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Exile and homecoming

Two of my favourite words in the English language are ‘nearly home’.   

I’ve long been preoccupied with the concept of home; maybe because I spent my primary school years in a boarding school so far from where my parents lived that we only got back at Christmas. I moved constantly throughout my life until about 20 years ago, and was infinitely adaptable and quite appreciative of change and the opportunities to experience different domiciles. Wherever I was, though, I very quickly nested, put up my stuff, made a place, well, homely. Always.

Even when I travel, wherever I stay quickly becomes my temporary home, the place I return to with a sigh of satisfaction after a long day of walking or sight-seeing. If I am camping, my tent is my little home. When I’m on retreat, my cell is the place I nestle into like a warm womb. I seldom enter the house where we have lived for 17 years or wake within its sheltering walls without a prayer of gratitude.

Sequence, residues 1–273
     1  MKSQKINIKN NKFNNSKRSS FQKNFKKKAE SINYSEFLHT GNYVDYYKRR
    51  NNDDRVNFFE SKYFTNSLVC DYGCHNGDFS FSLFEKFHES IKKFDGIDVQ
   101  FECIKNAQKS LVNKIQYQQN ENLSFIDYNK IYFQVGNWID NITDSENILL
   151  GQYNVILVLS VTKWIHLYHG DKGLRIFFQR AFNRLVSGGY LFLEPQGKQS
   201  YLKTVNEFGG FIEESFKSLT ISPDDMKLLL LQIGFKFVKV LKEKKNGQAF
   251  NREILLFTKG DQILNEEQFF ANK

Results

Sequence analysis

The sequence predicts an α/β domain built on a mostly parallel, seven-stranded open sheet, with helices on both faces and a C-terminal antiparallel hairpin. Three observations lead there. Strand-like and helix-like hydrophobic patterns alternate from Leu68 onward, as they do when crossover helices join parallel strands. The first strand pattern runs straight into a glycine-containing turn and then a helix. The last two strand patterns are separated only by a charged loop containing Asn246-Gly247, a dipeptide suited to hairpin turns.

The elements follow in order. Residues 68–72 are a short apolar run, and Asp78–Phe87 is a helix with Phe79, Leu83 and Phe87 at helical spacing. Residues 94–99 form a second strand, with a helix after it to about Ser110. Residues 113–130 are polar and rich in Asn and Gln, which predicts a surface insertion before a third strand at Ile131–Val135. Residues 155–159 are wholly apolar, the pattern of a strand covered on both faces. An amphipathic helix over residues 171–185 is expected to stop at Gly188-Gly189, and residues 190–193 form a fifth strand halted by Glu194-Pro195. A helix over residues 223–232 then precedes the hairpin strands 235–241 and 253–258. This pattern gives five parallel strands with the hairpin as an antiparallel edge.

At the same time, I never feel completely at home in any country. Melbourne is obviously my home; it is where I work and worship and where most of the people I love best are. At a visceral level, however, I feel more utterly at home in India, where I spent the first 12 years of my life, or the UK, where all my childhood literature came from and where I feel I belong more than I ever will in the Antipodes. So wherever I am, I’m happy, and wherever I am I’m also yearning for somewhere else – deep, sudden, piercing pangs of homesickness that hit out of the blue and that sometimes send me scuttling back to the Subcontinent for a fix.

I’m learning to accept this sense of incompleteness both as a gift - the sign of a rich and complex life - and as just what comes with being human. This side of death, we will always be missing somewhere, something, somebody without whom we feel incomplete.